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White hungry for Orica GreenEdge reinstatement

By:
Daniel Benson
Published:
May 06, 2013, 0:34 BST,
Updated:
May 06, 2013, 1:38 BST
Edition:
First Edition Cycling News, Monday, May 6, 2013
Orica-GreenEdge's Stuart O'Grady (left) and sports director Matt White before the start of the Down Under Classic in Adelaide.

Orica-GreenEdge's Stuart O'Grady (left) and sports director Matt White before the start of the Down Under Classic in Adelaide.

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Former sports director has offers, wants return to former role

With his back-dated doping suspension over Matt White is hungry to return to the sport of cycling and has his heart set on reinstatement to the Orica GreenEdge he helped to set-up. However White's ambitions are on ice as he waits for a set of recommendations Nicki Vance is set to make on Australian Cycling.

White was forced to step aside from his roles with Cycling Australia and GreenEdge last year after his name appeared in USADA Reasoned Decision. The US anti-doping agency had investigated allegations centred around Lance Armstrong and his US Postal squad, a team White had raced for. White confessed to doping and stood aside before telling ASADA all he knew.

"At the end of day if you look at the facts I had three choices to make after the USADA report came out: I could have lied. There was no hard evidence against me, you have to remember. All there was were allegations from athletes who had seen things more than a decade ago. Secondly I could have told half truths and just agreed with what was on the Reasoned Decision which was outside the statute of limitations. That meant I wouldn't have had to speak to any agency or anti-doping body. Or I could have told the truth and cooperate, tell my 100 per cent truth, draw a line and then try and move on," White told Cyclingnews.

In the aftermath White came clean and offered ASADA what he says was the complete truth into his own doping as a rider. His stance cost him his job though with Orica GreenEdge forcing themselves into a corner based around their zero tolerance policy. If White had been working with Argos-Shimano or was still at Garmin he would have likely kept his job.

White sat out the next few months and watched on as only a handful of other riders came forward and told the truth. Most of those that did tell the truth had little choice but those that did generally paid the price. There were murmurs of amnesty but in the drip, drip period of confessions Bobby Julich, White and Steven De Jongh all lost their jobs.

"I didn't know if I was going to get six months or a year and I certainly didn't have any deals offered to me by ASADA," White says.

"There had been times in the last sixth months where I had questioned whether I'd made the right decision or not and I'd be lying if I said it was an easy six months.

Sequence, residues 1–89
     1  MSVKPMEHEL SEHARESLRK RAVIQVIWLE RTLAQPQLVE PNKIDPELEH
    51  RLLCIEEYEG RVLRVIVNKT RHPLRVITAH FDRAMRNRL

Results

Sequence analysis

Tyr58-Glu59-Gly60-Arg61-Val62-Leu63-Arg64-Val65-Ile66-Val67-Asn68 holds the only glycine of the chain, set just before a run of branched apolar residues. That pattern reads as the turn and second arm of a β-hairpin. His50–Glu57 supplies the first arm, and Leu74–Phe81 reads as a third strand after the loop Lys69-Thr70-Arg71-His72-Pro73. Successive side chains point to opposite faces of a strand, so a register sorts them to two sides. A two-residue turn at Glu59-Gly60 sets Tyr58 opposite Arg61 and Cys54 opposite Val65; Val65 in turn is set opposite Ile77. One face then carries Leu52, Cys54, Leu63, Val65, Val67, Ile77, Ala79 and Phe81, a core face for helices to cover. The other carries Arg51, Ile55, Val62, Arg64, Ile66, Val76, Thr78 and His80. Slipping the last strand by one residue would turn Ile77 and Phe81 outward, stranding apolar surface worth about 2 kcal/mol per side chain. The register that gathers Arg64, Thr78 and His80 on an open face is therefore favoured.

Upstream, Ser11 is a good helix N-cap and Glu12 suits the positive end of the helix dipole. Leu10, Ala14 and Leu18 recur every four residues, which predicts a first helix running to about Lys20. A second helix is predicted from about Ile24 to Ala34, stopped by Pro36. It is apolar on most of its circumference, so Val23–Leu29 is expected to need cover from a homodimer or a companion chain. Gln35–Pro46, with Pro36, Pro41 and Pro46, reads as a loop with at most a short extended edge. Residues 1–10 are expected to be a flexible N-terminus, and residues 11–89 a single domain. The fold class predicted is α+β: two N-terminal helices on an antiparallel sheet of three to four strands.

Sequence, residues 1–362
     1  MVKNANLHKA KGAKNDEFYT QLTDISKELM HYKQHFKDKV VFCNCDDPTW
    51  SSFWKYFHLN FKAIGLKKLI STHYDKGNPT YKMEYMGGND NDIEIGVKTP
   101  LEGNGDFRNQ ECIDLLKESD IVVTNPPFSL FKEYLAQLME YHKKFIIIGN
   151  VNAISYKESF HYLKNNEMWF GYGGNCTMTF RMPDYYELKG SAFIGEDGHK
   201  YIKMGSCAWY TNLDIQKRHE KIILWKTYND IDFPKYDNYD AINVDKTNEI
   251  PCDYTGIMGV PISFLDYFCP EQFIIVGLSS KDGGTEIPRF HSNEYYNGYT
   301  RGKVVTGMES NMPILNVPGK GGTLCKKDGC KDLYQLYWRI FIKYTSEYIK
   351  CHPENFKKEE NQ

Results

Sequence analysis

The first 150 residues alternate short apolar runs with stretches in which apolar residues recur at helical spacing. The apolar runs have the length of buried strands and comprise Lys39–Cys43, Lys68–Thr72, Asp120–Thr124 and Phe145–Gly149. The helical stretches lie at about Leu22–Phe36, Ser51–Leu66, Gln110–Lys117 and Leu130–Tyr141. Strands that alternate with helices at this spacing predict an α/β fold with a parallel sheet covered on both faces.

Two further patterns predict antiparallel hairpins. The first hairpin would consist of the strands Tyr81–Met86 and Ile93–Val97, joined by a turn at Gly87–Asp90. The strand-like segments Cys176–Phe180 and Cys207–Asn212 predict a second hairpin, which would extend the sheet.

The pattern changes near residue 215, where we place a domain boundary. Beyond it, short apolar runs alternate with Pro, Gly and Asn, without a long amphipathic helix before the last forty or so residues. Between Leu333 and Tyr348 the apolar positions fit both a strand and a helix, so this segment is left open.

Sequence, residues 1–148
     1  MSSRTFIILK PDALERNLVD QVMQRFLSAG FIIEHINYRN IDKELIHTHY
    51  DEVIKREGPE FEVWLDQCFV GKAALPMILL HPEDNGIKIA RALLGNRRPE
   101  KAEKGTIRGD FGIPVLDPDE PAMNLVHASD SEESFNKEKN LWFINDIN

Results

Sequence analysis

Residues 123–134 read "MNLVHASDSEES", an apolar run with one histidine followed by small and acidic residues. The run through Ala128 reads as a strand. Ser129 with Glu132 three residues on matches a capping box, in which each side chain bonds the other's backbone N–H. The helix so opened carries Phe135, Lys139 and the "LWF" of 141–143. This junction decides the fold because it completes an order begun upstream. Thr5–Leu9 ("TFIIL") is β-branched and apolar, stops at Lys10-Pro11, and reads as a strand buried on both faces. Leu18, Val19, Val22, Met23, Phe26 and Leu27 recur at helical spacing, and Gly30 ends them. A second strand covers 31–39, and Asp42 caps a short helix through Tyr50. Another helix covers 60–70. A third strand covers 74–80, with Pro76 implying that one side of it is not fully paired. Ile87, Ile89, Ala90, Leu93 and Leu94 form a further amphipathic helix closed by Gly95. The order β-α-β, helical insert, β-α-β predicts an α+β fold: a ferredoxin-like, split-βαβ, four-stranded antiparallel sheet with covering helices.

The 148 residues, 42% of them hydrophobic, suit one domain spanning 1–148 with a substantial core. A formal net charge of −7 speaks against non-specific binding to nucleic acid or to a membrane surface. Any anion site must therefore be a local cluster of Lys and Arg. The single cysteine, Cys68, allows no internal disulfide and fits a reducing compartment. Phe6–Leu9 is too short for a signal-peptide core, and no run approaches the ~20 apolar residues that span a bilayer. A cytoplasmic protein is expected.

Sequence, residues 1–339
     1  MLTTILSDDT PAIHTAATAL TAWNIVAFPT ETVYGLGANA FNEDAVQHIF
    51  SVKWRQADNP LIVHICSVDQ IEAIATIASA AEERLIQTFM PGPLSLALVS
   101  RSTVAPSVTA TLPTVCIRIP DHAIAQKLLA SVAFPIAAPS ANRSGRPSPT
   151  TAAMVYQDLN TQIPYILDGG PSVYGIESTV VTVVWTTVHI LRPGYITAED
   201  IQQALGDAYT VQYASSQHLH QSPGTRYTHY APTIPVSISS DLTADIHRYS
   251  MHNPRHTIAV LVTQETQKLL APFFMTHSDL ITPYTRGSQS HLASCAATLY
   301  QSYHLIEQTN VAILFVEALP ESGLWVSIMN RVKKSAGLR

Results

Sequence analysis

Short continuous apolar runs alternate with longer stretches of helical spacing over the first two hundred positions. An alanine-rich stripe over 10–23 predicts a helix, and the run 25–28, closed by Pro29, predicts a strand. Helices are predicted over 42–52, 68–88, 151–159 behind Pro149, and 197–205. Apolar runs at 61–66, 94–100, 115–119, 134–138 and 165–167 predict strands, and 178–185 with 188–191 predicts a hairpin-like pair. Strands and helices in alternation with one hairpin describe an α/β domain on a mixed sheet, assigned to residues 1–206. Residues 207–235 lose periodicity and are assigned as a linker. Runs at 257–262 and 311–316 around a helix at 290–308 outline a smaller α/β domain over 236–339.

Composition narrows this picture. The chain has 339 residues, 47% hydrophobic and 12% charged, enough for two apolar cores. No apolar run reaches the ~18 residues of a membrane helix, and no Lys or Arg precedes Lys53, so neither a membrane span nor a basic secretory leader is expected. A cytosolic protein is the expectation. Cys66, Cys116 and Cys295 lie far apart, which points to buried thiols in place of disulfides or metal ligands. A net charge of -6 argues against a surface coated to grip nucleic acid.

"Zero tolerance equals zero progress but there are 22 or so redacted names and the majority of them have answered to no one and are still working in cycling."

Part of the issue for White lies in the fact that he thinks cycling had already turned a corner and that if it was to move on it needed to look at an era in the sport rather than just one team.

"I disagree with how some things have been handled from certain parties. This shouldn't have been an investigation into one team. It should have been an investigation into an entire era. That hasn't happened. So we need to draw that line and move on. What we're talking about now doesn't have any relevance for the likes of Meyer, Durbridge and Hepburn. They don't know what we're talking about because they've never been exposed to the culture that I was exposed to in the 90s. They're the ones who are paying for the negative publicity now.

"There needs to be an amnesty where we give everyone the chance to tell the truth. If they don't do that then we can throw the book at them but you've got to give people the opportunity to get their pasts off their backs. At the moment no one has come forward."

"I was part of one of the most negative and destructive cultures within professional sport. I've also seen that change dramatically. It's been gradual when I first came into cycling drugs were there and they weren't being hidden and the most positive thing today is that kids don't have to see that culture. Go look at track and field where you've got more Russian athletes going positive in the last six months than cycling has had on an international stage."

White has spent the last seven months on the sidelines but he remains close to the sport. He has found an ear to his frustrations in former teammate and friend David Millar, himself a former a doper who has rebuilt his reputation as a voice against doping.

"I'm good mates with David Millar and I saw what he went through. He's an example of someone who has told the truth and still had credibility. I spoke to him about things at the time. We've been through a lot together and during that period where I did question what I should do I did speak with David. He's someone I have a lot of respect for and he was good when I was venting some of my frustrations."

Now White must wait on Vance's report before his future can be determined. He admitted that offers have come in but that the prospect of working at Orica GreenEdge remains his first choice.

"That's definitely the place where I'd prefer to end up. I put a lot into the team and I have lot of close friends there. I've definitely got a passion for that team more than any other."

 

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